3. Do not eat grains. This includes (but is not limited to) wheat, rye, barley, oats, corn, rice, millet, bulgur, sorghum, sprouted grains, and all gluten-free pseudo-cereals like quinoa, amaranth, and buckwheat. This also includes all the ways we add wheat, corn, and rice into our foods in the form of bran, germ, starch, and so on.
  4. Do not eat legumes. This includes beans of all kinds (black, red, pinto, navy, white, kidney, lima, fava, etc.), peas, chickpeas, lentils, and peanuts. No peanut butter, either. This also includes all forms of soy – soy sauce, miso, tofu, tempeh, edamame, and all the ways we sneak soy into foods (like lecithin).
  5. Do not eat dairy. This includes cow, goat, or sheep’s milk products like milk, cream, cheese, kefir, yogurt, sour cream, ice cream, or frozen yogurt.
  6. Do not consume carrageenan, MSG, or sulfites. If these ingredients appear in any form on the label of your processed food or beverage, it’s out for the Whole30.
  7. Do not consume baked goods, junk foods, or treats with “approved” ingredients. 

If you are considering giving this plan a go, I recommend checking this site out:

It has lots of useful information and those downloadable documents can be handy.

How did I do?

I’m not going to lie to you. It was hard.

I travel a bit with work and do spend a few days a week ‘on the road’. Carrying food with me is logistically OK for a day, but it did not work out for two consecutive days in this current heat. Eating out was challenging. Buying breakfast on the go usually meant trying to get some hard-boiled eggs with some salad on the side covered with olive oil. Lunch was usually some sort of steam veggies and oven cooked meat. Butter and margarine are in everything, so are vegetable oils – so checking labels, talking to people about their cooking processes… it was all needed and quite frankly, I felt exhausted and the last thing I wanted to do was to talk to someone and having to think too much about it. But it was still do-able despite of me moaning about it. 😊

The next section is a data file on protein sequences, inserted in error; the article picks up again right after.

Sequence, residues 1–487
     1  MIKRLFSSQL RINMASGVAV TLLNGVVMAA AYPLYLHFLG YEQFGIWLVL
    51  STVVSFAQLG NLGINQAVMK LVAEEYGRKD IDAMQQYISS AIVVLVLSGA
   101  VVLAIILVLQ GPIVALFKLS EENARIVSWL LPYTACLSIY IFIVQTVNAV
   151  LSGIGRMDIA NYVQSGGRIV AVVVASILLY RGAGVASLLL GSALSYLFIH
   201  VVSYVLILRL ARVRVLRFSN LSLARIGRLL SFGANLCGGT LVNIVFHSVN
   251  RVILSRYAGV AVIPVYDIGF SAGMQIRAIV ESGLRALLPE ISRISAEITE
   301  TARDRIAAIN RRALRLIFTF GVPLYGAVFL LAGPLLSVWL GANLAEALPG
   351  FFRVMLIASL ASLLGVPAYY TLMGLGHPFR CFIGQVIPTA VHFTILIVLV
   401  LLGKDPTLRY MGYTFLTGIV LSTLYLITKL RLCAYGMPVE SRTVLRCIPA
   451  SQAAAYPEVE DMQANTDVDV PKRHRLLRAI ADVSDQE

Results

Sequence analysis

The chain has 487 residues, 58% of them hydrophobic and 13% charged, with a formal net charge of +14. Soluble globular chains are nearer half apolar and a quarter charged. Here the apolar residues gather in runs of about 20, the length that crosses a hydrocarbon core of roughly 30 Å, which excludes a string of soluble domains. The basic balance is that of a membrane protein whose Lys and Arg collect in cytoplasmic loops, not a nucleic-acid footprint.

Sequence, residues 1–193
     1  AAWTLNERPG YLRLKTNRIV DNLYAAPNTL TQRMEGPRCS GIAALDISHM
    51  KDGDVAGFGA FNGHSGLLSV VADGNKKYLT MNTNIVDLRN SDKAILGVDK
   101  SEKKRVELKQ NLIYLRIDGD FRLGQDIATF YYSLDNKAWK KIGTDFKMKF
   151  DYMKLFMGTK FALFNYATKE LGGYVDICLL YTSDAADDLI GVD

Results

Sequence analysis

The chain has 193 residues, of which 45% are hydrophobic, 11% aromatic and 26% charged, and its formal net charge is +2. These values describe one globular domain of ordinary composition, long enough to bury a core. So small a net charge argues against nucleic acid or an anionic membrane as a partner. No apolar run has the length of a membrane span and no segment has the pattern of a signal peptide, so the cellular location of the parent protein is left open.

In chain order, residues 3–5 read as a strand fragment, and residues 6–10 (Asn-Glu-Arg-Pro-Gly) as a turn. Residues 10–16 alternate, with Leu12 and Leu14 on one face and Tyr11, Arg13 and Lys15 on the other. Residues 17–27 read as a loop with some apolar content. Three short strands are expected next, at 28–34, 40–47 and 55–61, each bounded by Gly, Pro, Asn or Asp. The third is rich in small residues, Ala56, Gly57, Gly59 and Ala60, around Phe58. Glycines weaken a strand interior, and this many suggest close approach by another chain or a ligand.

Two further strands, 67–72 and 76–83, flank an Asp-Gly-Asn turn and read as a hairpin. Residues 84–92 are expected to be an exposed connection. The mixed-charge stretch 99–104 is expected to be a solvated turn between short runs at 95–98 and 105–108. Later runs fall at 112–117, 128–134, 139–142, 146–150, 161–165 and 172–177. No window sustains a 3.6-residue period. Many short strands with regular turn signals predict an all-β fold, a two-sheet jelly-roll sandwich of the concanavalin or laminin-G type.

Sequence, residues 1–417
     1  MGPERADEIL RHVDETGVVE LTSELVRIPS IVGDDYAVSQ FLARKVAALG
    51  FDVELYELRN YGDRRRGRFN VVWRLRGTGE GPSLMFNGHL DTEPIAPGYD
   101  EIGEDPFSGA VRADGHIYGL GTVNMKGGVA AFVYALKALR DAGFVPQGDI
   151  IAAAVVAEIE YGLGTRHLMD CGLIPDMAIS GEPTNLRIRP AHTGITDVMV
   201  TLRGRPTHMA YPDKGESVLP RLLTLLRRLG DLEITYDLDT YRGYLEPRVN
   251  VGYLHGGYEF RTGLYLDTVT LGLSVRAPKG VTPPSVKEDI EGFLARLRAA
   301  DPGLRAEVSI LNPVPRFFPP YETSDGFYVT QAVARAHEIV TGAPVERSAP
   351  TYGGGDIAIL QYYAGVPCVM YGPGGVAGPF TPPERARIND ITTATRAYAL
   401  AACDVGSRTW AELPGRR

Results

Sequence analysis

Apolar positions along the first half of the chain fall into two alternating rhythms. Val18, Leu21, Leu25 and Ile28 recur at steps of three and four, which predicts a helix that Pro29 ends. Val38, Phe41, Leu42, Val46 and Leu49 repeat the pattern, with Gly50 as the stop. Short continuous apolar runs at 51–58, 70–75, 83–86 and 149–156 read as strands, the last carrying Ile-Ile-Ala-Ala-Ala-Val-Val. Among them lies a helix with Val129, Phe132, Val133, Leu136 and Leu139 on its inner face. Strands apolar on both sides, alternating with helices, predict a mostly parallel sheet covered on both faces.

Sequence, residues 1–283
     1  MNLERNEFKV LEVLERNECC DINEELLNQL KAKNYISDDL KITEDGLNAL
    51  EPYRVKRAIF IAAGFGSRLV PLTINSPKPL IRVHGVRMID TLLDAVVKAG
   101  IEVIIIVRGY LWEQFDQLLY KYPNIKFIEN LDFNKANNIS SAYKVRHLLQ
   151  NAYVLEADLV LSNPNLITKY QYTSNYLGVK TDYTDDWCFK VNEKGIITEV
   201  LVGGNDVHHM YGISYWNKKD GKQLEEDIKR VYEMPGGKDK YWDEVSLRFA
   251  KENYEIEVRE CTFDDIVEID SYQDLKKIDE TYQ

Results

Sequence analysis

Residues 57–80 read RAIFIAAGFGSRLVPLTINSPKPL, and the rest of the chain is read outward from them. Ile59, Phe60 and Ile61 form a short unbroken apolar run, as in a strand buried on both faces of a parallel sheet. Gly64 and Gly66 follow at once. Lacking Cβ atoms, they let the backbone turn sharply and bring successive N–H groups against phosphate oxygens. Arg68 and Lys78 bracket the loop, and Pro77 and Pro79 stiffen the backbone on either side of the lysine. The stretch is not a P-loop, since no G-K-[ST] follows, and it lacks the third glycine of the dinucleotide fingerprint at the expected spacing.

My thoughts during those five weeks were following:

Week 1 – I felt irritable. My patience levels were low, I felt like snapping at people and all I wanted to do was to dig a hole and hide there…

Week 2 – I felt really tired. Irritability persisted. During this week, I seriously felt like giving up. I was fed up with eating vegetables, eggs and meat and pretty much nothing else. I was cranky. I also realised I could be an emotional eater and really questioned why I was doing this to myself.

Week 3 – I felt even more tired than I was before I started this diet. This week is when I had to stop climbing and doing yoga as my energy levels got super low. My journey with food continued. I discovered how I would sometimes use food or alcohol to make myself feel better or to ‘unwind’.

End of week 3 – I started taking digestive enzymes as my digestion was still poor. I would feel bloated after most meals (clothes didn’t fit anymore) and I decided to use them to help me with digesting meals. I also started using collagen, l-glutamine and probiotics. It was right after I finished reading Eat Dirt by Dr Josh Axe. I will be reviewing it shortly.

In case you are interested in why I have been using these supplements, here are some useful articles by Dr Axe that explain how these may help:

Long story short – I identified with most of the of ‘leaky gut’ syndrome symptoms and I started using these supplements to heal my gut.

Week 4 – I was still not feeling much of a difference. Energy levels felt still low, digestion was mildly better but I had a few nasty digestive flare ups. I felt very discouraged at that point – everyone on Whole30 forums was celebrating their successes at that point and I felt like I was failing. Comparison is never a way forward, I know… 🙂